As asserted in the introduction, archaeology is profoundly local. It has the capacity to unfold a profound political role, in the sense of the term given by Antonio Gramsci and, before him, by Aristotle. Archaeology and the intellectual function of the archaeologist have the power to contemporaneously enact the “hegemonic activity” – defined by Gramsci as the “intellectual and moral direction” – and to participate in creating and building hypotheses (Gramsci 2007). The intellectual is the man who is capable of fusing together, in the praxis of his/her daily life, a change in the status quo and the representation of a different future, through a commitment that is strongly defined by its social and civic function. The intellectual is therefore contemporaneously a social actor and a cultural and ideological producer. In this picture, the intellectual community is characterized by a set of possibilities carried out by the intellectuals within and from within the social fabric through training and educational institutions that have the power to condense the instances of reaction to the status quo (Holub 1992). Therefore, the intellectual function can only be understood and produced in relation to the system, according to the terms through which the intellectual confronts the status quo where he/she operates. It is only through this relation that the role of the intellectual is fulfilled and can be fully understood as a ‘creative’ relation capable to frame a new view, a new ethic and a new status quo. After all, even Karl Marx and Friedrich Engels (Marx & Engels 1971) stressed how “philosophers have only interpreted the world differently; the point is, to change it.”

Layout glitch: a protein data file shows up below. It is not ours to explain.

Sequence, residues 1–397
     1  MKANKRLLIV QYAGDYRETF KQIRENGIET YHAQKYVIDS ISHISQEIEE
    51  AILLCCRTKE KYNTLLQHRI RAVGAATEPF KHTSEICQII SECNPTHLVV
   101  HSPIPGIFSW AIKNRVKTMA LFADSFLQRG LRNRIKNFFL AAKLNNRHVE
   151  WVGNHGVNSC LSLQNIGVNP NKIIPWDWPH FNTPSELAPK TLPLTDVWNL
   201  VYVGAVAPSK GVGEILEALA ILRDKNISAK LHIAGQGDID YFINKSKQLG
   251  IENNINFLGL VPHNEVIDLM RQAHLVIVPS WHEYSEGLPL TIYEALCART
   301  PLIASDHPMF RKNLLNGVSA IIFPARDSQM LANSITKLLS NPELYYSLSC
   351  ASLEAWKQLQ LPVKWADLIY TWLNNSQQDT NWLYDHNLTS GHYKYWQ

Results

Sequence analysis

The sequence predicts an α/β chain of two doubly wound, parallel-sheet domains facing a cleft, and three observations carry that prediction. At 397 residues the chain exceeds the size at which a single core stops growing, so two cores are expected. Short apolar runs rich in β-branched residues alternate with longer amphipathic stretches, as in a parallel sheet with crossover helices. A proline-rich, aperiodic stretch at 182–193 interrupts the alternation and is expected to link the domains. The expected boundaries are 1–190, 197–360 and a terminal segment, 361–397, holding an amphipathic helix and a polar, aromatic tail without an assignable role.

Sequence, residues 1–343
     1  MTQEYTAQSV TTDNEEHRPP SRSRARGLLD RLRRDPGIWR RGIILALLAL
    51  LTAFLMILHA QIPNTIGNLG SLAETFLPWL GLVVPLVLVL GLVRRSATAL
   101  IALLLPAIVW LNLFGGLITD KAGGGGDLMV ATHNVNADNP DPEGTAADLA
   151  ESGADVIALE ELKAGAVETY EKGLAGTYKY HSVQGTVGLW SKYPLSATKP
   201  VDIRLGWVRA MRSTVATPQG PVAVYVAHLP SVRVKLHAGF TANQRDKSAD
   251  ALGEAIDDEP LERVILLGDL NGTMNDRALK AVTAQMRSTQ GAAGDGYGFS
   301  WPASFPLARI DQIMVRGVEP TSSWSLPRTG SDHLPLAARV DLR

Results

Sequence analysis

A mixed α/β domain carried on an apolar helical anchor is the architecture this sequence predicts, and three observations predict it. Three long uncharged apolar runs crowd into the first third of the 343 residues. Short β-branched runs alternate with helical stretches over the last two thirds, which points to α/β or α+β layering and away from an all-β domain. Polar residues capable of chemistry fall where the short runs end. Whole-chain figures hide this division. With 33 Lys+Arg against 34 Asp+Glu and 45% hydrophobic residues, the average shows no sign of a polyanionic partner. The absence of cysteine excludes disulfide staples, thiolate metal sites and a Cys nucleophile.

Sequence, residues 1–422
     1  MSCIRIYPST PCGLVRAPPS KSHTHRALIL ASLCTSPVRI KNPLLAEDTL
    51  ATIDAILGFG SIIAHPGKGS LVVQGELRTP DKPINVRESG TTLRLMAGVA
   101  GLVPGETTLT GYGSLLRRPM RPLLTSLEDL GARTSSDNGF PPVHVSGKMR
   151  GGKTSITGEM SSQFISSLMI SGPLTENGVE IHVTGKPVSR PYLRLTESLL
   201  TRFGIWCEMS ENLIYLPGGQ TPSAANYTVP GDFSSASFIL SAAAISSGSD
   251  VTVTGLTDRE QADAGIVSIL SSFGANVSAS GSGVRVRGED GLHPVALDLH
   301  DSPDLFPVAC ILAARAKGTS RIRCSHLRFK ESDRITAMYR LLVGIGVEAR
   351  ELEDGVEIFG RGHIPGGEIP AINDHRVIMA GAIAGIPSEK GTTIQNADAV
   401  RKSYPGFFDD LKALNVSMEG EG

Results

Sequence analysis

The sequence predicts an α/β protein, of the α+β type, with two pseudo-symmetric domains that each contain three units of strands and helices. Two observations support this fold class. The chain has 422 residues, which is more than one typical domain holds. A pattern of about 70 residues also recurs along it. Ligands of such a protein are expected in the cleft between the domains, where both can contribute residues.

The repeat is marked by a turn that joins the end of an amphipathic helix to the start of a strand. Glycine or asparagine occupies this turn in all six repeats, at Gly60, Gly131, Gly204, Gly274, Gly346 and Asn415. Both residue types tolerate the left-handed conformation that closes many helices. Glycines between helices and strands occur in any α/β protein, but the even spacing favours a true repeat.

Regarding the archaeological domain, it is only through a paradigmatic change that the intellectual archaeologist can truly elaborate an “intellectual and moral direction” that could do justice of the role of archaeology in contemporary society, and structure a disciplinary locus that could do justice of the social and cultural role of the craft of archaeology (Shanks & McGuire 1996). In this framework the task of the archaeologist-intellectual is to work in the cultural and public opinion (Habermas 1962) domains, that is, in the social and political spheres. However, the dedication of the archaeologist-intellectual is not abstract, but it is only through an active participation in the socio-cultural dynamics that his/her intellectual activities can produce positive effects and have a share in making social life more democratic. To say it with a motto borrowed from Buddhist philosophy, the effect is the confirmation of the cause: the social effect is the confirmation of the intellectual cause put in place by the “man who wants” (Weber 1922, p. 11). On this matter, for the archaeological domain, it is interesting the recommendation proposed by Carol McDavid (2011) for an intellectual who unfolds a “public service” in order to contribute in his specific way to the “collective praxis” in terms of a greater involvement on an individual as well as a disciplinary level within the contemporary socio-cultural and political panorama.